Written by Christopher Paolini, this book tells the story of a young farm boy named Eragon, who finds a mysterious stone, which is really a dragon egg, in the mountains. A dragon named Saphira hatches. When the evil King Galbatorix finds out about Eragon and his dragon, he sends his servants after them. Eragon and Saphira are forced to flee from their hometown, and decide to search for the Varden, a group of rebels who want to see the downfall of Galbatorix.
This book has wonderful illustrations of magical creatures ranging from the Nile goose to Grendel to Sleipner. The creatures are all based on Egyptian, Greek, Babylonian, and other myths and legends.
Written by Eleanor Estes for ages 9-12, this book is about Jerry Pye who buys a dog, Ginger Pye, with money he earns from dusting church pews. The dog is very, very smart and everyone loves him. Then he gets stolen! This book is a very funny mystery and a Newbery Medal winner.
This book takes the reader on a journey through the ups and downs of one highly teachable soul at odds with the world around her. See how a connected mom rescues her unconventional child from the depths of despair. From Celtic knots to golden locks, this English/Gaelic drama is an uplifting whimsical story for free spirits of all ages!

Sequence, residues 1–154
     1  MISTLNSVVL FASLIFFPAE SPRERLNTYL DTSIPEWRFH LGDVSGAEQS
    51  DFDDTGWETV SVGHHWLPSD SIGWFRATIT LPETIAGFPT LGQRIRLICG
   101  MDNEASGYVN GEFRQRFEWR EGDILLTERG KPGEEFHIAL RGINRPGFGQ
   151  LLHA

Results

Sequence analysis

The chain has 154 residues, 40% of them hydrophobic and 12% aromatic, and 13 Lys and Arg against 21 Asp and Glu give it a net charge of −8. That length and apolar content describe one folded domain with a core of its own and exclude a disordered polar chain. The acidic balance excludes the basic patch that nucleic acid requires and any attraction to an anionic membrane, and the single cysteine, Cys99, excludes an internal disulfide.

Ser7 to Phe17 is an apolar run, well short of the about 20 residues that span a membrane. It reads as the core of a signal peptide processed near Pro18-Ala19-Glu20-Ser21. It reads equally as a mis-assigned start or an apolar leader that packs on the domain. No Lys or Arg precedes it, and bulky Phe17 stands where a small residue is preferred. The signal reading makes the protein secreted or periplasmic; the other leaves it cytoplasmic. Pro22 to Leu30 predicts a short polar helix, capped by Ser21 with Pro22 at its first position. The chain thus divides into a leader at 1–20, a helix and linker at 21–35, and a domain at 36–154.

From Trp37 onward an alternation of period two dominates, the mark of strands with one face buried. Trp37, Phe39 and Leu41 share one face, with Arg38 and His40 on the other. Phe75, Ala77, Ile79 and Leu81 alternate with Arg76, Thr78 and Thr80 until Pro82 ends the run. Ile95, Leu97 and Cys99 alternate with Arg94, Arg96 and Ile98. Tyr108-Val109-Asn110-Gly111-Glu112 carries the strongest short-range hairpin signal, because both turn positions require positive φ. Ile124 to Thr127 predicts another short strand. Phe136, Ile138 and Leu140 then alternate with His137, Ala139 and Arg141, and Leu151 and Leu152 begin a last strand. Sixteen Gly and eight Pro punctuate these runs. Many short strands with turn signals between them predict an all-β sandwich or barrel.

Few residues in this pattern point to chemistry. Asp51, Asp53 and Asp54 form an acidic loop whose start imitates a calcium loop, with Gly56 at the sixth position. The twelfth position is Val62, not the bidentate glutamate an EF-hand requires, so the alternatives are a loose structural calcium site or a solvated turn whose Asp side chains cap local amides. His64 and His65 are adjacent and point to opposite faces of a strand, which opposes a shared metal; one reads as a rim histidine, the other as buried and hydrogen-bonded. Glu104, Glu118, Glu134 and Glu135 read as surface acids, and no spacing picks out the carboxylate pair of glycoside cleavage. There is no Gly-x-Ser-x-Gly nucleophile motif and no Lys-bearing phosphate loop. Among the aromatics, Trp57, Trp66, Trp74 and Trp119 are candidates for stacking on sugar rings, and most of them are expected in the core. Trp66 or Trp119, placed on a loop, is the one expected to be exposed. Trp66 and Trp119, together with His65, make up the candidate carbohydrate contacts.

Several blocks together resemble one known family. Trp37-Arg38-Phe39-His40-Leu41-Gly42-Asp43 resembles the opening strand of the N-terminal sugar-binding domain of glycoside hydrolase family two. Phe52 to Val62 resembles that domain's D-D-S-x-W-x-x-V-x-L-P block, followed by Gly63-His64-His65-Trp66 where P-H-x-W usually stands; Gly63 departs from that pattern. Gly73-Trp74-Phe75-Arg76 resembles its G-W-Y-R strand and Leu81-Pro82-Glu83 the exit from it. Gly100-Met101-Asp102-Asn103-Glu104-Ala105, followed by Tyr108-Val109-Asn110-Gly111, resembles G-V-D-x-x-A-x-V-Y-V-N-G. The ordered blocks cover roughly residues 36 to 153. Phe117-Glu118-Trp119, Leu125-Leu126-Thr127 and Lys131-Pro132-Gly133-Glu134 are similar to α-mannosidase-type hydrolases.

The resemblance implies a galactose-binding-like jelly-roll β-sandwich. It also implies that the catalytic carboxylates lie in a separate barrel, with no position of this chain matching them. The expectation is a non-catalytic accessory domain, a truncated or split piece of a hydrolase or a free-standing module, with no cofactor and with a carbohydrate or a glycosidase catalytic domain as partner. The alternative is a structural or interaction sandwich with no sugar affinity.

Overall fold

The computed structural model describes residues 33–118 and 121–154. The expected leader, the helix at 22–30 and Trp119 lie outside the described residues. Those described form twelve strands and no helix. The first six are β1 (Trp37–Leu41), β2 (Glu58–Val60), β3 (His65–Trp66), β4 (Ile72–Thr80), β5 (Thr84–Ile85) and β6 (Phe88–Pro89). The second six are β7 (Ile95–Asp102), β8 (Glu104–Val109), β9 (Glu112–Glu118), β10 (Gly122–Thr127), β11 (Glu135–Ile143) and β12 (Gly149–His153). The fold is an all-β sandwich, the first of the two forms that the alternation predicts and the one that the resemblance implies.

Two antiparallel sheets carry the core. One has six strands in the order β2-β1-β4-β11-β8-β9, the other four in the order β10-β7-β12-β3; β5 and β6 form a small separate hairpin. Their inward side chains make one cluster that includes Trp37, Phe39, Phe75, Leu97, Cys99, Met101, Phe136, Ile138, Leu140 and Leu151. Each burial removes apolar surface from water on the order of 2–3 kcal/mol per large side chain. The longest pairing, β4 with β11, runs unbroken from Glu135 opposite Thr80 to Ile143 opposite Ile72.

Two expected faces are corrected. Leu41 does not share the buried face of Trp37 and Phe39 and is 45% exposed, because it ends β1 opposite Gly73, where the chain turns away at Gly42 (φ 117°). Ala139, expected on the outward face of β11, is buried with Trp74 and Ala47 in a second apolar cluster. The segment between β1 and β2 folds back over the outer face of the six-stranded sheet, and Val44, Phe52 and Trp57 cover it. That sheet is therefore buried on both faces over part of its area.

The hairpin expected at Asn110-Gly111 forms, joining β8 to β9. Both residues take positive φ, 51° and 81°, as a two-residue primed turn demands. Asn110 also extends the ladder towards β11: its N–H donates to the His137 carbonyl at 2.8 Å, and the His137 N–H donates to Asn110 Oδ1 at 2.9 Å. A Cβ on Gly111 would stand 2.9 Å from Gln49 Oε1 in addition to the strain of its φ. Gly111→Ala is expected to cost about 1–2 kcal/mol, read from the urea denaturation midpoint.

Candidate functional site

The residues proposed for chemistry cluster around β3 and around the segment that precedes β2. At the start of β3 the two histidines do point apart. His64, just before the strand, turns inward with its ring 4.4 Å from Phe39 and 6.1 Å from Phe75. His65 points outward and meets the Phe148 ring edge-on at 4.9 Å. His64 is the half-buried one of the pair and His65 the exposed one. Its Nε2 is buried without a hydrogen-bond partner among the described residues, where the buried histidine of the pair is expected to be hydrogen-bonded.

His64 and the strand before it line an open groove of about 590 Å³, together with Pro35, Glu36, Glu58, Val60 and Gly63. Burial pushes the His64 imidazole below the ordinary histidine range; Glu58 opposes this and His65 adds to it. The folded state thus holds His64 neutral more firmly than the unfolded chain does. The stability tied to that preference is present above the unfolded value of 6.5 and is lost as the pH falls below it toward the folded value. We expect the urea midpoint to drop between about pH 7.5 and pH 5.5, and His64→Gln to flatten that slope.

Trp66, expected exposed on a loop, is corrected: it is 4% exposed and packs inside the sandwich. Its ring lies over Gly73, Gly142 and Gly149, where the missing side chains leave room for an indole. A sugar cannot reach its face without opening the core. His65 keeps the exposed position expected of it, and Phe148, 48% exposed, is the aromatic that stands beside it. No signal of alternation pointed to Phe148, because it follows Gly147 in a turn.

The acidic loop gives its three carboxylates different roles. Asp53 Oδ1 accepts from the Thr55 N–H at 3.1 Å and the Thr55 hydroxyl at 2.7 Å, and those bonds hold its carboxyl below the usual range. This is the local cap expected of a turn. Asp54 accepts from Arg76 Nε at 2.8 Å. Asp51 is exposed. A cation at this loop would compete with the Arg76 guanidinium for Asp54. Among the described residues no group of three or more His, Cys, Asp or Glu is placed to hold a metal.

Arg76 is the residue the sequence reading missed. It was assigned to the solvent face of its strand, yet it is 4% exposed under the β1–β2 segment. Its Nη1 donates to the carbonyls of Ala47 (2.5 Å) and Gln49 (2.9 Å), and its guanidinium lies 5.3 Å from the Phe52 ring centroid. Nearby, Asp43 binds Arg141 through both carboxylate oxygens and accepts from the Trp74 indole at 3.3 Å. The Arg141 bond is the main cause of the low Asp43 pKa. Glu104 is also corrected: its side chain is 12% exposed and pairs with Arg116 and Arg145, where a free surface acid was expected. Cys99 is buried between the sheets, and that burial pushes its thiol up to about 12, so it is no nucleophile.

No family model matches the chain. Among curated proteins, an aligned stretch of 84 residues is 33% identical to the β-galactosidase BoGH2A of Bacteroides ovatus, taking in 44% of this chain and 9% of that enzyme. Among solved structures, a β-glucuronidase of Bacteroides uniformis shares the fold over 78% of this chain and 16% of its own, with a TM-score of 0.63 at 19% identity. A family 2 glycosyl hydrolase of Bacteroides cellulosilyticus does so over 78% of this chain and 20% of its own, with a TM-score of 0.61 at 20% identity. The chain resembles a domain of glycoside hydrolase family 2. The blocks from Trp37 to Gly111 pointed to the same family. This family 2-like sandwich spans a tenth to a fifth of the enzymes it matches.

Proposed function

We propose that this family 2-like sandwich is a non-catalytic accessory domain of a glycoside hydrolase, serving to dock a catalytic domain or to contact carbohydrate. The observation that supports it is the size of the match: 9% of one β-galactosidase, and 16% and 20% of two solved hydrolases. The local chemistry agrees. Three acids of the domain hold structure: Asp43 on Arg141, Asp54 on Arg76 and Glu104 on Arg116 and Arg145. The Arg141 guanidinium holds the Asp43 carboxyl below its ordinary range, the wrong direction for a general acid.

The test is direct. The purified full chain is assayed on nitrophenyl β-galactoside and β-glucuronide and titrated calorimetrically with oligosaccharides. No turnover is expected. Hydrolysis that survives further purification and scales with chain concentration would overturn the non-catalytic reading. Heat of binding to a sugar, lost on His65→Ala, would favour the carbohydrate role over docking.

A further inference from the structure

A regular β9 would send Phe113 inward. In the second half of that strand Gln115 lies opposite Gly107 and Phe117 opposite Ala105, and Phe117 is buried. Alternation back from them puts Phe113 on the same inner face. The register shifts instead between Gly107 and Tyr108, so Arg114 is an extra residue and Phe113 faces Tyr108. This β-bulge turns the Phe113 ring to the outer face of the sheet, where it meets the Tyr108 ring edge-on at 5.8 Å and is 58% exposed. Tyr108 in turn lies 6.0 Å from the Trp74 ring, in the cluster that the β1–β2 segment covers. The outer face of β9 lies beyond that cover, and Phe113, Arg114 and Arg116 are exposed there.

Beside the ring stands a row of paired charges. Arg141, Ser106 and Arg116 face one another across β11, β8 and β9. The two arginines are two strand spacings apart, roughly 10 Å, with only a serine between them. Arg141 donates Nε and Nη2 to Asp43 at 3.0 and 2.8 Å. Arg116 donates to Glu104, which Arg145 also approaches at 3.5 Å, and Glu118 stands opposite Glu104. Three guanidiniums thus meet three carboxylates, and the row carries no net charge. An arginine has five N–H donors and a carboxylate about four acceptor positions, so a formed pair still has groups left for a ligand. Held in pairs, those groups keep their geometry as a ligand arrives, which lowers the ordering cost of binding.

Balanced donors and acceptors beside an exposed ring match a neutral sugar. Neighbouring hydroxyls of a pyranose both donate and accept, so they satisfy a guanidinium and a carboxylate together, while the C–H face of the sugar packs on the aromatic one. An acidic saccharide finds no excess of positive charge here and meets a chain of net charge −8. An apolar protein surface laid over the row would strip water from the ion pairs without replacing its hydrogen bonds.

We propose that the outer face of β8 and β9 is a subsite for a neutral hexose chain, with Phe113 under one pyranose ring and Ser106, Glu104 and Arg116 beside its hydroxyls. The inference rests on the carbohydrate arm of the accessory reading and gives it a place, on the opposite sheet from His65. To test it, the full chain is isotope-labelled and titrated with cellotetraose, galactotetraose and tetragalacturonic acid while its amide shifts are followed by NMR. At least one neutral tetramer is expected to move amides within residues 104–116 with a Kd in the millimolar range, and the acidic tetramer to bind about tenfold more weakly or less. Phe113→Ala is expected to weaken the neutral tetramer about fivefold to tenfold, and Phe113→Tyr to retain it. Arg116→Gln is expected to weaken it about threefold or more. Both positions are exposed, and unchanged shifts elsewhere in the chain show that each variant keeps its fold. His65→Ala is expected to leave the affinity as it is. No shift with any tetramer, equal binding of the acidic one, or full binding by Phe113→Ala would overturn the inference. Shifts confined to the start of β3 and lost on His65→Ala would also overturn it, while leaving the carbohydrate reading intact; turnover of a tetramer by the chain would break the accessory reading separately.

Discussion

Gulliver's Travels describes the four fantastic voyages of Lemuel Gulliver, a kindly ship's surgeon. Swift portrays him as an observer, a reporter, and a victim of circumstance. His travels take him to Lilliput where he is a giant observing tiny people. In Brobdingnag, the tables are reversed and he is the tiny person in a land of giants. His next voyage is to the flying island of Laputa, a world of illusion and distorted values. The fourth and final voyage takes him to the home of the Houyhnhnms, gentle horses who rule the land.